Democratic Developmental State in India

DOI10.1177/0019556120160202
Publication Date01 Apr 2016
AuthorNiraj Kumar
SubjectArticle
DEMOCRATIC DEVELOPMENTAL STATE IN INDIA
NIRAJKUMAR
The idea
of
developmental state emerged mostly
in
the late
industrialising
countries
which
were
lagging
behind
the
developed countries
of
the world. Chalmers Johnson coined
the term 'developmental
state'
in the context
_of
Japan, which
was later replicated
in
South Korea. The rise
of
East
Asian
Developmental States can
be
attributed to the proactive role
played
by the respective states
of
these countries. A variation
of
the developmental state
can
be
seen in the case
of
India.
It
combined both developmental goals
and
democratic ideals.
Jn
the process,
it
maintained a moderate growth
in
terms
of
per
capita
GDP
as
well sustained democracy with a
brief
interlude
of
the emergency regime
of
Indira Gandhi. The article tries to
evaluate India s developmental
as
well democratic credentials to
date in seeking to apply the concept of'democratic developmental
state' formulated
by
Gordon White
and
Mark
Robinson.
TIIERE HAS been a considerable debate about the nature
of
post-Independence
Indian state. But despite varying interpretations, the ideas
of
economic
and political development have been the guiding principles
of
state policy
and model
of
development in India.
At
different phases
of
Indian political
economy the policy paradigms have differed,
as
reflected in phrases like
'socialistic pattern
of
society', 'Indian socialism' the 'Indian neoliberal
tum', 'Indian business liberalism', etc. From the 1950s
to
1991, the period
was characterised as one
of
planned economic development initiated by
the first Prime Minister Jawaharlal Nehru. From
1991
onwards, the period
is characterised
by
terms such as economic liberalism, privatisation and
globalisation (LPG). Notwithstanding these variations, the Indian political elite
regarded 'development' in a generic sense as a major goal oflndia's economic
policy regime. The idea
of
this development primarily focused on industrial
and agricultural development along with the growth
.of
other sectors
of
the
national economy. With the objective
of
economic development, the goal
of
public welfare was also emphasised. From this perspective, India can be and has
been described as a developmental state (Yash Ghai
et
al., 1987). Nevertheless,
Indian developmental state has never lost sight
of
democracy (Kohli, 2009).
DEMOCRATIC
DEVELOPMENTAL
STATE
IN
INDIA /
227
NIRAJKUMAR
Theory
of
developmental state
by
scholars like Gordon ·White was
also applied to China, India, and South Korea without making internal
differentiation between them even though they significantly differed
on, say, democratic
or
authoritarian, and communist or non-communist
dimensions. Another and more recent comparative study
of
the role
of
the
state in economic development edited
by
Atul Kohli makes a comparative
study
of
the state(s)
in
South Korea, Brazil, India and Nigeria.
It
reports a
fact sheet
of
Korea galloping ahead;
of
Brazil taking two steps forward, one
step backward;
of
India moving ahead slowly but steadily; and
of
Nigeria
where the developmental expectations are dashed (Kohli, 2004).
A major problem with these studies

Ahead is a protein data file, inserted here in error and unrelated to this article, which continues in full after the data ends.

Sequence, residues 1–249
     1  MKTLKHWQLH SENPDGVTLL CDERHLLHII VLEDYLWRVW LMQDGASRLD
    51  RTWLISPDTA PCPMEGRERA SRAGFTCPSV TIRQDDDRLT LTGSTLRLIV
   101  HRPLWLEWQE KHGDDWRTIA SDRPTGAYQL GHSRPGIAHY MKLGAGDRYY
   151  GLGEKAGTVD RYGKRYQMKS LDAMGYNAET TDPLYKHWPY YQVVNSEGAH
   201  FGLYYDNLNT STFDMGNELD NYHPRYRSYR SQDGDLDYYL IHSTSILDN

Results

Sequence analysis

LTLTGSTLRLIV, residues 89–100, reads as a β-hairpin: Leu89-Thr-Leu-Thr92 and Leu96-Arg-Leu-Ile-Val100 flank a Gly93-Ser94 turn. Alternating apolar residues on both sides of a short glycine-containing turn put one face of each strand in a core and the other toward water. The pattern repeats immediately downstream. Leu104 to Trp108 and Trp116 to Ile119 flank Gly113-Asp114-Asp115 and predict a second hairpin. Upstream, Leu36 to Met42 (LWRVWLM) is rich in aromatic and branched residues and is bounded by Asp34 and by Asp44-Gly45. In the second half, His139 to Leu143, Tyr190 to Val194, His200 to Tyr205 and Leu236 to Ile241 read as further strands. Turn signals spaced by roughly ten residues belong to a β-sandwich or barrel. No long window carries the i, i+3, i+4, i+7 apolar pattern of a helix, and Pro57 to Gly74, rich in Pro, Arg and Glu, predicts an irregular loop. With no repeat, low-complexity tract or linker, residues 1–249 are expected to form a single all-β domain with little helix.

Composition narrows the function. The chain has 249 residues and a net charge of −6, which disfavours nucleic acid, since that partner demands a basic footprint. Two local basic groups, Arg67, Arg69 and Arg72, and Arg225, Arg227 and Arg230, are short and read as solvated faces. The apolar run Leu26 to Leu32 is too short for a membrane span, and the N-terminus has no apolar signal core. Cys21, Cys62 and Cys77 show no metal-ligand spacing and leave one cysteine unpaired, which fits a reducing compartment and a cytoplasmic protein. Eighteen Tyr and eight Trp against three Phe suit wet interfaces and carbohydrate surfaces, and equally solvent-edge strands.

is
that they bring together such
diversely heterogeneous states in the omnibus category
of
'developmental
state' that this concept's empirical import and theoretical fruitfulness is lost.
Any valid theorisation becomes extremely difficult.
If
we take the case
of
India, for example, it is so different from the communist states as well as
from the East Asian states on dimension
of
democracy and its sustained
practice. This conflation
of
cases studied makes a comparative study based
on them questionable and theoretically barren. On the same consideration,
clubbing together South Korea, Brazil, India and Nigeria
is
comparatively
variegated
but
confounding for theoretical precision and explanatory
mileage.
My
major argument
'in
this article is that it is more defensible
to theorise about the Indian experience by contrasting it from communist
developmental states like China, and Vietnam, on the one hand, and east
Asian 'miracle economies', on the other. Taking the cue from another
recent and conceptually and theoretically more discriminating work, Mark
Robinson and Gordon White (eds.) (1998), the authors seek to examine
whether their concept explains the character
of
the Indian state and its models
of
political and economic development better. Gordon White and Mark
Robinson ( 1998) have defined democratic developmental state as follows:
Developmental democracy is not an assured outcome
of
a simultaneous
process
of
economic and political liberalisation. But nor is it an illusory
ideal. Experience in industrialised societies suggests that there is scope
for constructing regimes which fulfil the twin desiderata
of
broad-based
and sustainable development on the one hand, and a legitimate and
inclusive democracy
on
the other. The political and institutional basis for
such regimes lies in a new form
of
developmental state, one which can
simultaneously carry forward a development project founded
on
growth
and equality, and which rests on democratic political foundations. This
is our conception
of
the democratic developmental state (Robinson and
White, eds. I 998: 4-5).

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